Jan 15, 2011

EU, Azerbaijan sign gas deal to bypass Russia

The European Union and Azerbaijan signed a deal Thursday in which the Caspian country commits to supply Europe with "substantial volumes of gas," an agreement the EU said was an important step to reduce the bloc's dependence on deliveries from Russia.

But Baku has not yet decided whether the EU-backed Nabucco pipeline project will get the award from the big Shah Deniz II gas field, or whether the contract will go to smaller rival projects.

Moscow's disputes with Ukraine and Belarus have in the past cut off supplies to Central and Western Europe, making European policymakers keen to develop alternative routes to get their gas. Currently, the EU gets about 40 percent of its natural gas from Russia.

"This is a major breakthrough," European Commission President Jose Manuel Barroso, who signed the agreement with Azerbaijani President Ilham Aliyev in Baku, said in a statement. "This new supply route will enhance the energy security of European consumers and businesses."

In the agreement, Azerbaijan promises the EU to provide sufficient gas to enable the creation of the so-called Southern corridor — a route from the energy-rich Caspian basin to Europe that bypasses Russia. The infrastructure will be provided together by Europe and Azerbaijan, the EU said in a statement.

Currently, several pipeline projects are competing to create the Southern corridor. The EU has thrown its weight behind Nabucco, a massive 3,300-kilometer pipeline proposed by a consortium of firms led by Germany's RWE AG that could move up to 31 billion cubic meters of gas a year from Baku all the way to Austria.

But in recent months, the 27-country bloc appears to have softened its position on what pipeline to support.

"For the EU it's decisive that a European project and a European firm gets awarded this contract," said Marlene Holzner, spokeswoman for the EU's Energy Commissioner Guenther Oettinger, who was in Baku with Barroso.

In its statement, the EU said that Azerbaijan will decide in the next months which project would get the award for the Shah Deniz II field. The bloc hopes to have a commitment by March, the month a 200 million euro support package the EU has promised Nabucco expires if there's no investment decision. The EU's package would only cover a fraction of the pipeline's estimated 7.9 billion euro cost.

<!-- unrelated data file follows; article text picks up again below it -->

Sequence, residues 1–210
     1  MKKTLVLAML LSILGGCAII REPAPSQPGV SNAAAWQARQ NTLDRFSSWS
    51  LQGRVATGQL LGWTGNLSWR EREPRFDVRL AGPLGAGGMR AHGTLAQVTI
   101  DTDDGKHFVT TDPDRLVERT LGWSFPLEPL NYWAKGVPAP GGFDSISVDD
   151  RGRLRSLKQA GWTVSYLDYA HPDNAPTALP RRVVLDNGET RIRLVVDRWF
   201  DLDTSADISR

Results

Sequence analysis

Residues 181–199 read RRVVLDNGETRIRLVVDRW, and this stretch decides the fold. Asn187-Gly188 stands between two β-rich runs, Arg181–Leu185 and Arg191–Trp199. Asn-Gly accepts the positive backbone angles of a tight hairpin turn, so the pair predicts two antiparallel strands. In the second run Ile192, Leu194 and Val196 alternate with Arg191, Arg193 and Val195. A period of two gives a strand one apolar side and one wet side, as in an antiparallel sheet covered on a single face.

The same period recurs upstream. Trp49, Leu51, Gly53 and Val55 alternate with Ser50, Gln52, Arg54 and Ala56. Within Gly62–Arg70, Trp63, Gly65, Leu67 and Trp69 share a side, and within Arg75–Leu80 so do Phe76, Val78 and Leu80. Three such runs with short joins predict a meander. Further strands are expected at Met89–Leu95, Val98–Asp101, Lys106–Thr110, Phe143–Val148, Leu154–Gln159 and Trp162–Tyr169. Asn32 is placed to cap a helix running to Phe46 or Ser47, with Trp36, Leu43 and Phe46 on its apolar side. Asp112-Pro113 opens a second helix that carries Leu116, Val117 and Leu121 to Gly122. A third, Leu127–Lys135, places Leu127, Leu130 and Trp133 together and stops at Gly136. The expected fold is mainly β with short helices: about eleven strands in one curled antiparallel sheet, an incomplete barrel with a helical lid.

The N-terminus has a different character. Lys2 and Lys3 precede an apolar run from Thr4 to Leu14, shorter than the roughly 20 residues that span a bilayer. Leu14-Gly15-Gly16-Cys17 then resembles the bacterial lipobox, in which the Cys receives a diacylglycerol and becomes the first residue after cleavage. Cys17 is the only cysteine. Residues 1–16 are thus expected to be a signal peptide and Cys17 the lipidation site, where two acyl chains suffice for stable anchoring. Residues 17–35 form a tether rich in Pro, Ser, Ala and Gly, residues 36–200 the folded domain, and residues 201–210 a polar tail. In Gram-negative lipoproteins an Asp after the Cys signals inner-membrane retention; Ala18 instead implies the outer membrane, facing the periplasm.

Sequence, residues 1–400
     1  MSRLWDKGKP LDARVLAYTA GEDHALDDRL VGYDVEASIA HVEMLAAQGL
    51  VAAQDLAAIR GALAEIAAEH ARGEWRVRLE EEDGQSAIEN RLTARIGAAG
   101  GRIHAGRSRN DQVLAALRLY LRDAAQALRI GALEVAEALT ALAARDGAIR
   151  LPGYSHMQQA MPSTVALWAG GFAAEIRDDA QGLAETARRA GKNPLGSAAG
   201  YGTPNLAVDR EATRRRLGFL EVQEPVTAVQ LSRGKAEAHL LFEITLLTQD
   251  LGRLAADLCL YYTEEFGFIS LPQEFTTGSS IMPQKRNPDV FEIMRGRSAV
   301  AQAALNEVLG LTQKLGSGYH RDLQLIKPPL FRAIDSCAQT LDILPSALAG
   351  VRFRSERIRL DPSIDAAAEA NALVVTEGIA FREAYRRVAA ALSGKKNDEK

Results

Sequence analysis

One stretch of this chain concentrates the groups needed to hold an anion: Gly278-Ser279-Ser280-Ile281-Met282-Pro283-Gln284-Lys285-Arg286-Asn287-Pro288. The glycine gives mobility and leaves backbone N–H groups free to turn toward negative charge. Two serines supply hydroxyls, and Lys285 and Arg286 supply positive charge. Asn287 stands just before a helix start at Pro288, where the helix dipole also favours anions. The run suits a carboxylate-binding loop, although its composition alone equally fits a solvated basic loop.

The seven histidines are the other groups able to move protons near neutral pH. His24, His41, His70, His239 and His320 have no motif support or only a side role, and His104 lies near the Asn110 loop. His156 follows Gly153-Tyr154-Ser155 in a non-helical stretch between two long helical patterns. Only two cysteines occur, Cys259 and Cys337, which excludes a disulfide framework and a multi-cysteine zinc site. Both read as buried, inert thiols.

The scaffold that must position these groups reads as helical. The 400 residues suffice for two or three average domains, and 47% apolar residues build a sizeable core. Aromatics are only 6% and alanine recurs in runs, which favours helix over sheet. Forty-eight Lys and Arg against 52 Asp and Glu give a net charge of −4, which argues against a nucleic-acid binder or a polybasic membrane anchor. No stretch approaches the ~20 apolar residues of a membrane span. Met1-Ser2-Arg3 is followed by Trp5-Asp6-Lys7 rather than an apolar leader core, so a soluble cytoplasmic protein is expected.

In addition to Nabucco, there are a number of smaller pipeline projects. ITGI - backed by Italy's Edison SpA, Greek gas company Depa and Turkey's Botaş - would take gas from Turkey's border to the southern heel of Italy, while the Trans Adriatic Pipeline - proposed by Switzerland's EGL, Norway's Statoil ASA and German E.ON AG - plans to go from Greece, across Albania and the Adriatic Sea to Italy.

Both ITGI and TAP would rely on Turkey's existing pipelines to get the Azerbaijani gas to EU borders.

Many energy experts have long questioned the feasibility of Nabucco, arguing that there is not enough gas in the Shah Deniz field to make the project commercially viable in the coming years and that getting gas from Turkmenistan or Iraq - two other potential suppliers for Nabucco - will be difficult.

"We do not see enough gas available for a pipeline as big as Nabucco before 2020," said Jonathan Stern, director of gas research at the Oxford Institute for Energy Studies. "The small projects seem to me to be more the right size for what can be done this decade."

According to the institute's estimates, until at least 2018, Shah Deniz II would be able to ship a maximum of about 10 billion cubic meters of gas to Europe - less than a third of Nabucco's full capacity.

For the question whether the Southern corridor will actually become a reality anytime soon, Thursday's agreement "is not really groundbreaking," said Alexandros Petersen, a Eurasia expert at the Atlantic Council is Washington. "The real story is what project of the Southern corridor the Azerbaijanis are going to pick."

Source: www.hurriyetdailynews.com